Anyway, my husband also gleaned some other information from this first contact with the service. He discovered that the first assessment had been stopped because of my meltdown. There was something about guidance being to stop assessments if I became distressed. He tried to explain that the meltdown wasn’t “distress” in the conventional sense, but part of the condition under investigation, but because meltdowns are not on the list of official criteria for autism, there is again a situation of impasse. A solution was found to this difficulty in that we would produce a letter, which I would sign, to say that if I had a meltdown in the assessment again I was to be allowed time out to go for a walk round the block, get away from the artificial lighting and any loud voices, stim safely on my own, and then return to the appointment. My husband also looked up and printed out the National Autistic Society’s information on meltdowns for guidance, since meltdowns are quite frequent and common for me, and it was agreed that a more suitable, larger, room would be provided.
So this wasn’t exactly perfect, but it did seem that we were starting to get somewhere and that maybe things would get sorted out second time round.
Then the two psychologists had their meeting about me, and the dung hit the wind machine once more!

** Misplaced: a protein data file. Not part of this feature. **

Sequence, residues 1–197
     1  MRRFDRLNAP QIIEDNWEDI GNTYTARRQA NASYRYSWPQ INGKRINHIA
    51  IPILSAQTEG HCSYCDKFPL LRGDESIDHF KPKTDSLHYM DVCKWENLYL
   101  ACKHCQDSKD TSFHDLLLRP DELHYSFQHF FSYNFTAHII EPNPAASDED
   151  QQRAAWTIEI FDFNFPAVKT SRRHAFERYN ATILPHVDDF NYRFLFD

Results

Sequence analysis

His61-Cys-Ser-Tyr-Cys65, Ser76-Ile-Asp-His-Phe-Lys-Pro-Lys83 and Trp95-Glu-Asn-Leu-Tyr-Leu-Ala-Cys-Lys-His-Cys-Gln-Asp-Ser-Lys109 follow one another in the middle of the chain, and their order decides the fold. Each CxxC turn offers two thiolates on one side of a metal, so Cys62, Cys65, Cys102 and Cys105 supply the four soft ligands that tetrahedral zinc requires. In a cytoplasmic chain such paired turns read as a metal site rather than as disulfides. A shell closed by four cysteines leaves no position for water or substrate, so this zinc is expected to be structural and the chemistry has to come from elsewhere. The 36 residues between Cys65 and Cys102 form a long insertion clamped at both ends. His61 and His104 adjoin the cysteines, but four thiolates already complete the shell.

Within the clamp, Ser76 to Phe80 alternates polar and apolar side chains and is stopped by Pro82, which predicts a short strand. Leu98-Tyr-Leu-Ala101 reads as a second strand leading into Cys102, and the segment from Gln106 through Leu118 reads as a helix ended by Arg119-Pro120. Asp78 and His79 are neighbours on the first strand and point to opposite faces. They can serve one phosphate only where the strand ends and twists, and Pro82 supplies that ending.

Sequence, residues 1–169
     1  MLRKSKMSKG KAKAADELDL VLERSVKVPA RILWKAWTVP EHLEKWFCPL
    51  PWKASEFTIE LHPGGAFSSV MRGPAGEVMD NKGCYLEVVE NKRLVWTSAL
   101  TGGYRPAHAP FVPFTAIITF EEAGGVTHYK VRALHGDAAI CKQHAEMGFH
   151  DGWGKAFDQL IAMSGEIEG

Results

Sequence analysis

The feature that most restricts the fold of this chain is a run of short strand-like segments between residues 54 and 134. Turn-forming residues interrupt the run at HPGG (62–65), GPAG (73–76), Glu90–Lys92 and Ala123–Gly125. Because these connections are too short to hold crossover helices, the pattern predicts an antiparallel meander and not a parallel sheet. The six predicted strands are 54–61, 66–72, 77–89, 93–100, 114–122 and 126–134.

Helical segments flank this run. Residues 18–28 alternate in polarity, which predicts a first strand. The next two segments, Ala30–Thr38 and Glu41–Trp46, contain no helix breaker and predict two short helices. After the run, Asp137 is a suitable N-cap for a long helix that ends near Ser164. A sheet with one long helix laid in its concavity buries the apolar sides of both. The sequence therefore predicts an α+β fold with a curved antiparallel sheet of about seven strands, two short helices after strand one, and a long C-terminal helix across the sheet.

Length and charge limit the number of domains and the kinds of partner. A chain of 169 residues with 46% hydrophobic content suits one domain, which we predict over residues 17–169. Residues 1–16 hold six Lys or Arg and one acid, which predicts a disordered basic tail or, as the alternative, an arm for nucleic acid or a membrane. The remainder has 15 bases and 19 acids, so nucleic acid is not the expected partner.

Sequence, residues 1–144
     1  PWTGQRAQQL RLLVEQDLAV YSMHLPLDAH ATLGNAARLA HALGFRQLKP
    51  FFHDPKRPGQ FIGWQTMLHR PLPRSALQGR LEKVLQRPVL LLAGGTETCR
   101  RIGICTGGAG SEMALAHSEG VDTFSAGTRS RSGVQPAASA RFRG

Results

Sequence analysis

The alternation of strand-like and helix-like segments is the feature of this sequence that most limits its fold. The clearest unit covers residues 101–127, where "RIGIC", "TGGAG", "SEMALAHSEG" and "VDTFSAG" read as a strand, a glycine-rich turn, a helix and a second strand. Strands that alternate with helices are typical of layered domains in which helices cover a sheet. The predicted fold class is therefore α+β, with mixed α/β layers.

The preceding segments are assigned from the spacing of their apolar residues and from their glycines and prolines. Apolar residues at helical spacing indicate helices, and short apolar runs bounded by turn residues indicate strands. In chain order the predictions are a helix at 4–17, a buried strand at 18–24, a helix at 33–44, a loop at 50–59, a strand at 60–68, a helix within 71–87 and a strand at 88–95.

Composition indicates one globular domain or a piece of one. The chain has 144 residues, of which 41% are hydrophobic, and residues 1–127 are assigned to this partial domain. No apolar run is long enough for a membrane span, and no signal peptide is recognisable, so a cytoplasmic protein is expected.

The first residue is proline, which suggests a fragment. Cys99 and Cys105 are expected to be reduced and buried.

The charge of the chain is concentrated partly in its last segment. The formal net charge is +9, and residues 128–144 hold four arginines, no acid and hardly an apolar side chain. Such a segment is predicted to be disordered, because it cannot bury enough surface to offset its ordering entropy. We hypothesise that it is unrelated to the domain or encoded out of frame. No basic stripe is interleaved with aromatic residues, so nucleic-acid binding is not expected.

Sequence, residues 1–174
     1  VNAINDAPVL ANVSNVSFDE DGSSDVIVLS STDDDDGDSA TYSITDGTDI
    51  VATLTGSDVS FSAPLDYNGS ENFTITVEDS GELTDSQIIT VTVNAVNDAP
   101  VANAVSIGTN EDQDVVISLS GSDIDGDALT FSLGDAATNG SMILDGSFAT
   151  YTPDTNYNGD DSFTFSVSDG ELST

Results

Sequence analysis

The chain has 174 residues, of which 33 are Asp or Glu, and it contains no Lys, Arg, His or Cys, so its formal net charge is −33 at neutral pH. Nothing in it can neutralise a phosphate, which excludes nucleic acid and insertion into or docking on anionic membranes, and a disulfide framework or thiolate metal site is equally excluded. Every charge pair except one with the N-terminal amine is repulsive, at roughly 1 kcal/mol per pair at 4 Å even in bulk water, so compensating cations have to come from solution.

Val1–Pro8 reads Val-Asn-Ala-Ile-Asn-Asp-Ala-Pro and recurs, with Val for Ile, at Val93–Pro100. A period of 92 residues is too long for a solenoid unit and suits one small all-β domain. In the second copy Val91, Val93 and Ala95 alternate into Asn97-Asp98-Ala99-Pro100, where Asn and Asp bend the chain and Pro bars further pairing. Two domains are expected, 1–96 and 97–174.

I’ll just explain a little about the process we’ve gone through to get to this stage, because it seems that the whole process of getting me assessed might have gone wrong earlier in the system, and it also appears that we have (before I’ve even received any diagnosis or help) thrown up a communication problem in the county’s system for diagnosing autistic adults with mental health problems.
First, after my self-diagnosis in September, I went to see my GP. My GP, who has known me for over a decade, instantly had a “lightbulb” moment the minute I said the word “autism”, and pretty much kicked herself for not seeing it earlier. Totally obvious once you see it. I started to self-identify as autistic from that point onwards and my GP referred me to the county’s triage service – the first people who will assess me initially and refer me on for a full autism assessment and formal diagnosis.
The next thing that happened was that I received a bunch of forms from the triage service. I dutifully filled in the forms and the questionnaires, telling them why I wanted a diagnosis, a bit about my history (including all my mental health history), how I was unemployed etc etc. and I returned the forms to the triage service.
A few days later I got an e-mail from the triage service saying they’d reviewed my forms and information and that they could offer me a pre-assessment chat if I wanted one, but that I really didn’t need one and they were happy to refer me to one of three centres for assessment. All I needed to do was to select one of the centres and tell them which one. I selected the centre closest to home, the hospital in our nearest city, where I knew the parking situation and so on, since I knew it would be a stressful occasion and I wanted to minimise stress.